According to the count kept by the Baltimore Sun, there have been 319 homicides in 2017 up until November 30.1 That is already more than the 318 seen in all of 2016, but it’s well below the record 344 from 2015. Although Baltimore experienced 353 homicides in 1993, it had about 110,000 more residents, so the homicide rate then was 4.8 homicides per 10,000 people. In 2015, it was 5.5 homicides per 10,000 people.2
Using the number of homicides per day for the year adds an arbitrary time horizon that we probably should not be using because things that cause all of this violence and death do not reset on January 1st. If anything, they continue on without worrying much about the calendar. Things that do seem to influence the rate at which homicides are occurring are many, and they go from the natural (e.g. the weather3) to the societal (e.g. unemployment4) to the individual (e.g. drug addiction5). (Admittedly, drug addiction has social and natural components to its causation as well.)
A better measure is a rolling average of the homicide rate per day for the city of Baltimore. (I learned this technique from a colleague.) What we do is take the number of homicides in a 365-day period and divide them by 365. Then we take the number of homicides in the 365-day period one day after the previous period and divide those by 365. Slowly, this builds an average per day of homicides. For example, on from January 1, 2015, to January 1, 2016, there were 345 homicides, for a per day rate of 0.945 homicides per day on that day. There would not be a homicide again until January 6. By that day, the rate had dropped slightly to 0.931 as 5 days had gone by and in the 365 days before January 6, there were 340 homicides.
This way of looking at the per day rate allows us to not lose sight of the significant figure, and, as epidemiologists do, it allows us to detect an outbreak. Here, then, is what that looks like since mid-2005:
This measurement tells us that the rate of homicides was pretty high from 2005 to 2007, then it began a very well-sustained decline in 2008. That means that there were lots of days without homicides in that year, so much so that the rate dropped below 0.600 homicides per day, or about one every other day. The rate would climb again and remain steady-ish from 2009 to 2011. Then there is another severe dip in late 2011 and early 2012. In 2011, Baltimore saw the lowest number of homicides (196) since 1977 (171). It was all over the news, and a lot of politicians congratulated themselves for it.
It wasn’t to last, however. The rate increased again between 2012 and early 2014. Then there is a short-term dip below 0.600 up until April of 2015. In April 2015, according to one epidemiologist, a severe outbreak of homicides began in Baltimore. While the rate per day dipped in 2016 before it reached one per day, it steadily went back up this year. So, by November 20, 2017, Baltimore is at 345 homicides in the previous 365 days for a rate of 0.945.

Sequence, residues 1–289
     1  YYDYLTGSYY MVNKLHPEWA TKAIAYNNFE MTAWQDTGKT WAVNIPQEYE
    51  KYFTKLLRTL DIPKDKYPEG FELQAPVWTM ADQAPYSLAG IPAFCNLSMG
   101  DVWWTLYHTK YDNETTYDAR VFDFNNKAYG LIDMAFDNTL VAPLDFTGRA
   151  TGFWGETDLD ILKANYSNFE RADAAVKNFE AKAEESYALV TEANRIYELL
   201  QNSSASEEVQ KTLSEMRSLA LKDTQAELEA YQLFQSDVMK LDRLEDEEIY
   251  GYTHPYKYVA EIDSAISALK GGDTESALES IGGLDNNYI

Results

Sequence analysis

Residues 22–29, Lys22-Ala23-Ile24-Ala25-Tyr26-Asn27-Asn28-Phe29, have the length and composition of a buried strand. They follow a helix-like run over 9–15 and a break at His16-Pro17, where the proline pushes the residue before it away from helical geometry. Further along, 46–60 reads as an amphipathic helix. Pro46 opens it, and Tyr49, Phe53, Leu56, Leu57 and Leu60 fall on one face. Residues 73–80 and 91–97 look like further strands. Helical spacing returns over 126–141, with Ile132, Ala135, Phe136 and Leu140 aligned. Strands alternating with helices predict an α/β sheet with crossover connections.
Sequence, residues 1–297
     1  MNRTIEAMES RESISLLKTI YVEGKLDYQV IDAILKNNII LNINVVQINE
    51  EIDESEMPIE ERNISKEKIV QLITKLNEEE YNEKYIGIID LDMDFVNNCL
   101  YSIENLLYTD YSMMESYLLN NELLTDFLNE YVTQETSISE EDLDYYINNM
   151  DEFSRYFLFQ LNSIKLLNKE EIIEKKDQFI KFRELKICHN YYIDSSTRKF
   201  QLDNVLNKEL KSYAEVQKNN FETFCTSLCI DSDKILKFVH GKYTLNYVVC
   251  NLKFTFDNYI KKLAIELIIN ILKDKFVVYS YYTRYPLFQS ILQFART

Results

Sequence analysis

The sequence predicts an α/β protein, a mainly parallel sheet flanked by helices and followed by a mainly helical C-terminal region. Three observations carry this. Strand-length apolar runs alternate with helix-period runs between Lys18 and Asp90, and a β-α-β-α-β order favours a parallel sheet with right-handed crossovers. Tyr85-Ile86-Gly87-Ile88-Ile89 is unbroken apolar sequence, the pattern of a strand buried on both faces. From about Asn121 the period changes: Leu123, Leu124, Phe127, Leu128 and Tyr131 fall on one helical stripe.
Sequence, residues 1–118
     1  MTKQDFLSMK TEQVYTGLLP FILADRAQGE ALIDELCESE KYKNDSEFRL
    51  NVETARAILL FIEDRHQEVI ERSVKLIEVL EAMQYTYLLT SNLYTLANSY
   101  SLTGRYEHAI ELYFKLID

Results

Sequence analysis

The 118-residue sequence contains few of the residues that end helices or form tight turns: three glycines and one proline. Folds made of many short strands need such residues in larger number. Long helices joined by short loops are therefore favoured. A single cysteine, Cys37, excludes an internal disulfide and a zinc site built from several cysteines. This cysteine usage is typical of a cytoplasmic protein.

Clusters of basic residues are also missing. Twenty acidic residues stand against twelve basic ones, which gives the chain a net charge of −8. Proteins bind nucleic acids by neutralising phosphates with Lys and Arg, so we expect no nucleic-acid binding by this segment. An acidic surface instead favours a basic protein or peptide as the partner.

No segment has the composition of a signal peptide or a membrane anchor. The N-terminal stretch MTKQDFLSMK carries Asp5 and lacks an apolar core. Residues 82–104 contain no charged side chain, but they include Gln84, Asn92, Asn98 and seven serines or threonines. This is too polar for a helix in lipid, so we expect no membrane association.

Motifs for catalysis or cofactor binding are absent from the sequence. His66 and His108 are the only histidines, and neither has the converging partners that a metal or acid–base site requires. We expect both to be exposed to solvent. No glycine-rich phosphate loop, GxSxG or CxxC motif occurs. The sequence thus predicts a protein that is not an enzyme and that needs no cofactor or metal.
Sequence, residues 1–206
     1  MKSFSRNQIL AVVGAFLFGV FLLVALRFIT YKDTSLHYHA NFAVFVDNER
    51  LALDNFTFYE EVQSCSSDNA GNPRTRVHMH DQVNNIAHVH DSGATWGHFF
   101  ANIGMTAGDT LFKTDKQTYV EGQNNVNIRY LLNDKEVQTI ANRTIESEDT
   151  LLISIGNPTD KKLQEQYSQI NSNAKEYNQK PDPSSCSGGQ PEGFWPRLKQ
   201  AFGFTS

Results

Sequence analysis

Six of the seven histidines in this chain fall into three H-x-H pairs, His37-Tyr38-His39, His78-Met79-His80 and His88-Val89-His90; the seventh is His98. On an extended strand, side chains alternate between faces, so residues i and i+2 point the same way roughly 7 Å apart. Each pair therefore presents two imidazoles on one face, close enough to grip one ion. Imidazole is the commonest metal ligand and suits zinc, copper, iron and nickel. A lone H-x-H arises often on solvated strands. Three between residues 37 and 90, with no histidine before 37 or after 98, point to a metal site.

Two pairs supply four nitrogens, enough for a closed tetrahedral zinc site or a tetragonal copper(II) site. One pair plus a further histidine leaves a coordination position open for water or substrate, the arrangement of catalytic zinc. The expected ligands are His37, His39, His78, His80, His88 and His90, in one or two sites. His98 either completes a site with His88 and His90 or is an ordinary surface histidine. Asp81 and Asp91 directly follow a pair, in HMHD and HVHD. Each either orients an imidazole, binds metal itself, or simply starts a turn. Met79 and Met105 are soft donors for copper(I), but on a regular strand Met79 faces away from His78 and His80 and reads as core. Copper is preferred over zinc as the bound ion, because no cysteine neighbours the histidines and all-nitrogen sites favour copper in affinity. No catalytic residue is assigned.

With that rate of 0.945 in mind, one could calculate that the 31 days in December will see about 29 more homicides (0.945 multiplied by 31). Add those to the current number of 319, and Baltimore smashes through the 2015 record by hitting 348. But that is not the only number possible here.
Since 2005, December in Baltimore has averaged about 21 homicides. Add those to 319, and Baltimore doesn’t break the record but comes close by hitting 340 homicides for 2017. This is a more probable number since it accounts for weather and social factors that come with December, like the holidays and the activities surrounding the holidays.
Finally, a third number to look at is 8%. Since 2005, Decembers have had about 8% of the homicides for the whole year. So, if 319 represents about 92% of the homicides Baltimore will see this year, then 346 represents the full 100% we will probably see. Again, this number surpases the 344 homicides of 2015 and would represent a rate of 5.6 homicides per 10,000 people in Baltimore for the year.
So will Baltimore see a record number of homicides this year? The answer is, sadly, that it probably will. Two of the three models say so, with 346 and 348 as the possible number of homicides. One model that looks at past Decembers has it just slightly down at 340. Because these are not fully fledged mathematical models done in a supercomputer that accounts for thousands of variables, I hesitate to give the odds of the record-breaking number (345) happening… But it’s going to come close. (Only a multi-day snowstorm may keep that number from happening, or some big event that disrupts everyone’s lives, including the lives of the would-be murderers and/or their victims.)
The policy implications for this are many, of course. The Baltimore Police Department, the Mayor, and the City Council all need to take a hard look at the interventions for violence in general and homicide in particular that are in place in the city. They need to assess interventions that have worked in other cities of similar size and social composition and see if those interventions can be brought to Baltimore. And you cannot forget civic organizations trying to bring peace to their neighborhoods, sometimes against all odds and with hardly any kind of funding.
- Baltimore Sun Data: http://data.baltimoresun.com/news/police/homicides/
- FBI Uniform Crime Reporting: https://ucr.fbi.gov/ucr
- Cheatwood, D. (1995). The Effects of Weather on Homicide. Journal of Quantitative Criminology, 11(1), 51-70. Retrieved from http://www.jstor.org/stable/41954121
- Raphael, S., & Winter‐Ebmer, R. (2001). Identifying the Effect of Unemployment on Crime. The Journal of Law & Economics,44(1), 259-283. doi:10.1086/320275
- Lammers, S.M.M., Soe-Agnie, S.E., et al. (2014) Substance Abuse and Criminality: A Review. Tijdschrift voor Psychiatrie. Volume 56, Issue 1, Pages 32-39.